To offer a practical example, I will explain how to replace the perishable parts of a rotavapor vacuum pump – a procedure I have performed numerous times during my professional career as a chemist. It is essential to have a tight seal on a vacuum pump to ensure its integrity. Membranes, check valves, O-rings, seals, and tubing will all need replacing in time. Before starting the job, check that you have all the necessary tools and parts to complete the replacement, and make sure you have read the instructions unless you are well-versed in the procedure. It is a good idea to check YouTube for a tutorial video. I have fixed numerous things based on videos I have found on YouTube that I wouldn’t have attempted otherwise. Fixing many things is just a matter of having the right tools, knowledge, and a bit of patience.

You will need access to the pump’s inner workings to replace the membranes, check valves, O-rings, and seals on a vacuum pump. This will involve removing the torx (or similar) screws holding the panel in place. Be sure to use the correct torx wrench for the screws, as using the wrong size will likely damage or strip the screws – having a DIY kit helps here, as the correct sizes will be included. The membrane will likely be behind a cover that will also have its own screws. Accessing this cover may involve removing some of the tubes from the pump . It is a good point to mention that it is worth keeping track of any parts you remove and the order in which you remove them, as this will help when it comes to reassembly. When performing maintenance tasks for the first time, I often record the procedure or take pictures of each step. Taking a picture of parts before and after removing them can help get the orientation of parts correct when reassembling. Once you have gained access to the membrane, a special tool is required to loosen the membrane, which can then be unscrewed and replaced – the same tool is used to tighten the new membrane in place. You can now easily access the check valve, O-rings, and seals in the connecting pieces and replace them if needed. Pay special attention when installing the check valves to get the correct orientation. Once the check valves, O-rings, and seals have been replaced – it is simply a matter of following the steps backward to put everything back together.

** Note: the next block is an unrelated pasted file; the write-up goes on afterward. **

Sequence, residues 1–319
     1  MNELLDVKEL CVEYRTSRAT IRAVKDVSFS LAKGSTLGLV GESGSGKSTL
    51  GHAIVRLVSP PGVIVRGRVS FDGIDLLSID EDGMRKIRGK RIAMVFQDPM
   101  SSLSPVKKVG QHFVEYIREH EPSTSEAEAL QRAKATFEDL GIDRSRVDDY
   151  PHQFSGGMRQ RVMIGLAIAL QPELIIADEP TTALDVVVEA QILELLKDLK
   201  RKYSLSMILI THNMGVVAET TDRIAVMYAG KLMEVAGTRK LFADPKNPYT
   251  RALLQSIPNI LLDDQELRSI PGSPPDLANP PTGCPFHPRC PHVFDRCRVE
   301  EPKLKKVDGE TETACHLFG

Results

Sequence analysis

A tip for when you are removing lots of screws in order – you may find many different-sized screws used for different components, and you’ll need to ensure the right ones are used during reassembly. Again, I find that it helps to take pictures – or number the screws and label the part they are associated with. It helps to have some little pots to hold the screws as they are easy to misplace – or you can even get yourself a magnetic screw pad – these are often marked with a grid so that you can separate all the different screws and even order them.

Some people are nervous about replacing or fixing things themselves, but I say go for it. Often older items will have run out of warranty, and sometimes ‘right to repair’ laws may be applicable. A number of repair cafés have also opened recently where hobbyists or retired people (like me) with numerous skills will repair things for free or for a small fee – far cheaper and environmentally conscious than buying new. I hope this brief tutorial and advice will help you breathe new life into old equipment or keep your new equipment lasting long into the future.

Till next time,

The Signature of Bart Denoulet at Bart's Blog